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Neuro-oncology
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CONDITIONS TREATED

Pituitary Tumours

Tumours of the pituitary gland can be classified into those, which are functional or non-functional. The functional tumours produce hormones, commonly prolactin, growth hormone or ACTH. Overproduction of these hormones leads to specific clinical syndromes, which are normally detected prior to the tumour. It only takes a very small amount of tumour, commonly the size of a pea, to produce the full and very significantly dangerous diseases of Cushing's disease and acromegaly, for instance. CT and MRI scanning are used to identify these tumours. The larger tumours, which do not produce a hormone, are common in older people and tend to present with symptoms of problems with vision in that as they grow, they compress on the optic nerves and other parts of the optic system.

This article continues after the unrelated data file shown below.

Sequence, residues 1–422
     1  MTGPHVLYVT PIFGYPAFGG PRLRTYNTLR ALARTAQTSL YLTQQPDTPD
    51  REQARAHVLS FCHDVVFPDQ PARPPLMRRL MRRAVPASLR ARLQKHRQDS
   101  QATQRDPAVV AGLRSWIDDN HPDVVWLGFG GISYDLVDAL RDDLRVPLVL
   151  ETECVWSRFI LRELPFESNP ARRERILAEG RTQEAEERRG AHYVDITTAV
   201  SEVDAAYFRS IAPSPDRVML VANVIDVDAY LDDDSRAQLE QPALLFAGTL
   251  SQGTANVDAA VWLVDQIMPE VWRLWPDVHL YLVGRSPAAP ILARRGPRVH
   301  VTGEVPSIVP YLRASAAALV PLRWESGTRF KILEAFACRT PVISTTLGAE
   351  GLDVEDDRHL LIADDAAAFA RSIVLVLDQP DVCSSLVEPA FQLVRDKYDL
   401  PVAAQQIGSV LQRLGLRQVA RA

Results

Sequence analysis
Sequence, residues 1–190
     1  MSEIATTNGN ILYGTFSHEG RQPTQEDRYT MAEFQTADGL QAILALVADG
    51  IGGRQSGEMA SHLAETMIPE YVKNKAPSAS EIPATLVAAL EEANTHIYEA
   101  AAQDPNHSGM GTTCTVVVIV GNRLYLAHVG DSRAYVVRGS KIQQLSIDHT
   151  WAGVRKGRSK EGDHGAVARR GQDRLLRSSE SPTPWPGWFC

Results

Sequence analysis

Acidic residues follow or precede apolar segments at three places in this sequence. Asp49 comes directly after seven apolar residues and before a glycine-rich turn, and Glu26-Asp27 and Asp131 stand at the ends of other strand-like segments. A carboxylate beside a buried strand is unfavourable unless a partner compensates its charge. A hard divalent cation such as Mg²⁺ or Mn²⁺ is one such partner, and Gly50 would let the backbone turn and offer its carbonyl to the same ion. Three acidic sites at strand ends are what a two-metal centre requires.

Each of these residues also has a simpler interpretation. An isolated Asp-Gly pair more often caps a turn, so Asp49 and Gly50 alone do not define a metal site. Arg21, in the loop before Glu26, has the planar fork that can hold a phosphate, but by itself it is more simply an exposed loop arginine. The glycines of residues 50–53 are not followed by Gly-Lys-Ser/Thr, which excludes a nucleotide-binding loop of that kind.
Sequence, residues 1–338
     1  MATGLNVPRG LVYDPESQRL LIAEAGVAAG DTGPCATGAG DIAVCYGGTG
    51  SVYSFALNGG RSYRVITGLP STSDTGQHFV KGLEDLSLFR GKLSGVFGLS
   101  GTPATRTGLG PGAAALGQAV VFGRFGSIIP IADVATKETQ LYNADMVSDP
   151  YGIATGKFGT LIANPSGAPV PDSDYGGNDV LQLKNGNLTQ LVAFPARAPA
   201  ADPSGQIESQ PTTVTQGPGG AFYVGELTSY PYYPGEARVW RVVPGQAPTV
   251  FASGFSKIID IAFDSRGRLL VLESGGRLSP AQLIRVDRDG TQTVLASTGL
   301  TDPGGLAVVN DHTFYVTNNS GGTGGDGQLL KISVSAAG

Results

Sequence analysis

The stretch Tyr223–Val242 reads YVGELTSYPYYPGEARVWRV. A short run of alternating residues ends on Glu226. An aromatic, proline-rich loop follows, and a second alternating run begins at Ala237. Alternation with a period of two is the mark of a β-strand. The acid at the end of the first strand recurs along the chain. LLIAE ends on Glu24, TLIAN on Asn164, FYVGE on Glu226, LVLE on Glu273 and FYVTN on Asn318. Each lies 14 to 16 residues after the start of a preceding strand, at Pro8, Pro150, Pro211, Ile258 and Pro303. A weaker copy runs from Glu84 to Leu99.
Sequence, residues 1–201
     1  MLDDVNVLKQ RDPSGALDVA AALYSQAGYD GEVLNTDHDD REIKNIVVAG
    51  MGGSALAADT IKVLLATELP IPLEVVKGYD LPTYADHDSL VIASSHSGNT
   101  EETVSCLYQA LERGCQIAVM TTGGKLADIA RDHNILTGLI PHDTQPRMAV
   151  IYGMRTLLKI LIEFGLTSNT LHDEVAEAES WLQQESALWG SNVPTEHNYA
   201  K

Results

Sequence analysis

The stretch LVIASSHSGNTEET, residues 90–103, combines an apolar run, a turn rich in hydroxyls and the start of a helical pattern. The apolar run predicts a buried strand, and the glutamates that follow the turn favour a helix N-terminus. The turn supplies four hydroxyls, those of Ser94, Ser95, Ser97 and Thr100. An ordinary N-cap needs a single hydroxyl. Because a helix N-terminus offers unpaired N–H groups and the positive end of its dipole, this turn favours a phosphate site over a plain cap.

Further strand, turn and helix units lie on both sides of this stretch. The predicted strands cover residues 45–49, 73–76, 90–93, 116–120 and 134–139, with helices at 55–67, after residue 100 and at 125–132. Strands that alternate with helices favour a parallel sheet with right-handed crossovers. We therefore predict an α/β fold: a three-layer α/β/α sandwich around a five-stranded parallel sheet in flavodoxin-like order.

Collaboration with endocrinology and ophthalmology is a key in the handling of these tumours. Patients must be assessed fully by endocrinology to establish the effect of the tumour on the normal pituitary gland. Formal testing of the visual fields is a very accurate way of demonstrating progress or response to treatment of the tumour.

The treatment of these tumours will be very individualized. The larger tumours most commonly require surgery to decompress the optic apparatus. This surgery is most commonly performed utilizing the transsphenoidal technique in which the tumour is approached through the nose, not requiring exposure of the brain. In most cases, a very adequate decompression can be carried out and the patients are then followed over many years for recurrence. These are benign tumours, but they do tend to recur.

The smaller, functional tumours maybe treated primarily medically with specific drugs designed to attack the specific tumours. They are also usually very amenable to surgical removal. Each case is individually discussed and the options are fully discussed with the patient.

In the future, many of these tumours maybe primarily treated with the Gamma Knife because of its ability to focus narrowly on the tumour, preserving the tissue around it.


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